• Palawa Elder Uncle Michael Mansell spoke at the Sovereignty, Treaty, Constitutional Recognition Gathering on Thursday. (NITV News)Source: NITV News
The Victorian Traditional Owner Land Justice Group hosts an independent gathering on the topics of Sovereignty, Treaty and Constitutional Recognition in Melbourne.
Madeline Hayman-Reber

6 May 2019 - 2:37 PM  UPDATED 6 May 2019 - 2:39 PM

A grassroots meeting about Sovereignty, Treaty and Constitutional Recognition was held in Melbourne last week to address concerns held by some members of the community - in particular, the Victorian Treaty process.

The two-day event held in Melbourne's CBD was hosted by the Victorian Traditional Owner Land Justice Group (VTOLJ), and was spearheaded by former Greens MP,  Lidia Thorpe.

The event was funded by community and philanthropists, with $22,000 raised to enable the meeting to be independent of both the state and federal governments, said Ms Thorpe.

"I've been talking to people around the country and they've been so disenfranchised by the whole agenda around the Statement from the Heart, the Voice to Parliament, and the Treaty process in the Northern Territory and Victoria, and now Queensland," Ms Thorpe said.

"People just aren't getting the information or coming together to have good, healthy, respectful debates, so I thought let's just run one ourselves, and it has just been amazing.

"The conversations that are happening, the learning from our old people and from our young people, academics, barristers, and Aboriginal QC's who are providing their views has just been so valuable."

Victorian Treaty Advancement Commissioner, Jill Gallagher, participated in the event alongside Northern Territory Treaty Commissioner, Mick Dodson.

While she declined to comment to NITV on her involvement in the event, Ms Gallagher said on one panel that the Victorian Treaty process hasn't been easy.

“We all know we are in truly uncharted waters. Nowhere in this country have we ever been closer before to creating Treaties,” Ms Gallagher said.

“It’s going to be difficult and complex, and there’s moments when it feels like it’s all too hard but we are determined and we need to be. We can’t stop," she said.

"We need to be bold and we need to be courageous. We want our communities to be thriving in a way they have not been since colonisation."

Other notable speakers throughout the event included Gunditjmara Elder Uncle Robbie Thorpe, Palawa Elder Uncle Michael Mansell, and Wangan and Jagalingou man Tony McAvoy SC.

During the discussions, Ms Thorpe maintained that it was a safe space for people to respectfully express their views and opinions.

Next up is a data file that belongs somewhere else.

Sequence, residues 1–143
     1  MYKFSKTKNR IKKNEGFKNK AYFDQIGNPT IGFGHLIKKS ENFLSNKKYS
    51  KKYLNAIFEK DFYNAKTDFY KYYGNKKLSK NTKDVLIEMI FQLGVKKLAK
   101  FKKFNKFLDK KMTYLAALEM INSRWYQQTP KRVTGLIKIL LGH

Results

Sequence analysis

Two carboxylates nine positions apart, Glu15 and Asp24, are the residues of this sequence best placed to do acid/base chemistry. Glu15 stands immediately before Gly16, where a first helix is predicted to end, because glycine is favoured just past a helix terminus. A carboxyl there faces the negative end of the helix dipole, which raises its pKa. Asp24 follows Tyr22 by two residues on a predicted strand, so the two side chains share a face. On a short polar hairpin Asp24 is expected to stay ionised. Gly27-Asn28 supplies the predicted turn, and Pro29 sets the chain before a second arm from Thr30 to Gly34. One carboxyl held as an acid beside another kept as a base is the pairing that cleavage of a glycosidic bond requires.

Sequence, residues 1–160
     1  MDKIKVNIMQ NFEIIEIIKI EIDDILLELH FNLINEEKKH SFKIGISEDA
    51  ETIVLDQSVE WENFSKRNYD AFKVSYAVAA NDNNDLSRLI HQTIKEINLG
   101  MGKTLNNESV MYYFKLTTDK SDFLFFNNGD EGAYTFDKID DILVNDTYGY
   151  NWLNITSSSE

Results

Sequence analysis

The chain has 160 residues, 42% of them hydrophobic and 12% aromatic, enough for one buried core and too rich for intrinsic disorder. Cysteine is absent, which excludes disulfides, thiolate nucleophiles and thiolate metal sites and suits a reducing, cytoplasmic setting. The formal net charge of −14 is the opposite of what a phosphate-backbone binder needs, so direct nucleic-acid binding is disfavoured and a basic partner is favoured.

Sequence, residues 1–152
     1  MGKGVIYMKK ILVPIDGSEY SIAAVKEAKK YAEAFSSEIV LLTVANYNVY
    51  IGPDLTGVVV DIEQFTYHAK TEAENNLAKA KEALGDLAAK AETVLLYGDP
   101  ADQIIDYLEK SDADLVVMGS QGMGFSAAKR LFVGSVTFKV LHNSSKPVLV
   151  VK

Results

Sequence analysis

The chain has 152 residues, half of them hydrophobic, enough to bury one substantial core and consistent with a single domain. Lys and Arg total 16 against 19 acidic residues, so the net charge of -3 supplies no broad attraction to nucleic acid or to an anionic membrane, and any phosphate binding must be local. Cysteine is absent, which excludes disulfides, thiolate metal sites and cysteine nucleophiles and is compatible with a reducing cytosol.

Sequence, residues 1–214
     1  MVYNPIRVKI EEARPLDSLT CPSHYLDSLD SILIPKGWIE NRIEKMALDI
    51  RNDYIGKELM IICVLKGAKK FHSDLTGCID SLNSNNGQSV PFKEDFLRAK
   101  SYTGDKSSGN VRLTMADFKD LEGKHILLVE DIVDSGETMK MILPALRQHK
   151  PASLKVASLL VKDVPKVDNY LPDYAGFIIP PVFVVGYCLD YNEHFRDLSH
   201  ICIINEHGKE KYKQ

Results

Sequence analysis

Youth vote

In recent weeks, criticism of the Victorian Treaty Advancement Commission has emerged in regards to the level of involvement that youth have had in the Treaty process.

Registrations for voting is set to begin later this month with people as young as 16 able to vote, however some youth say they feel they do not have enough information to make an informed decision.

Young Gunditjmara woman, Sissy Austin, said she felt as though the youth have been left behind on the Treaty journey.

"We're often asked what our opinion is on Treaty and it has been really hard to form an individual opinion on Treaty because of the lack of information for Aboriginal young people in Victoria," Ms Austin told NITV News.

The Victorian Treaty Advancement Commission has responded to community concerns by hosting a string of Facebook Live discussions. Ms Gallagher is also due to make an appearance at the Koorie Youth Summit on 11-12 May.

Ms Austin said she is looking forward to a panel discussion on Treaty at the summit and hopes the discussion carries over from the VTOLJ event.

"This panel here has been a really open and safe space for young people to have their voices heard and to be informed from our Elders as well," she said.

Survey reveals broad support for Indigenous Voice
Fresh data reveals that a majority of voters are ready to back an Indigenous voice to Parliament.
Victorian treaty movement embraces young voters and hi-tech democracy
As Victorian Aboriginals work towards a treaty with the state they are moving with the times, adopting online voting and dropping the eligibility age.
Treaty Commission extends voting rights on Rep Body
Voting for the representative body will be open to all Victorian Traditional Owners, even those live overseas or elsewhere in Australia.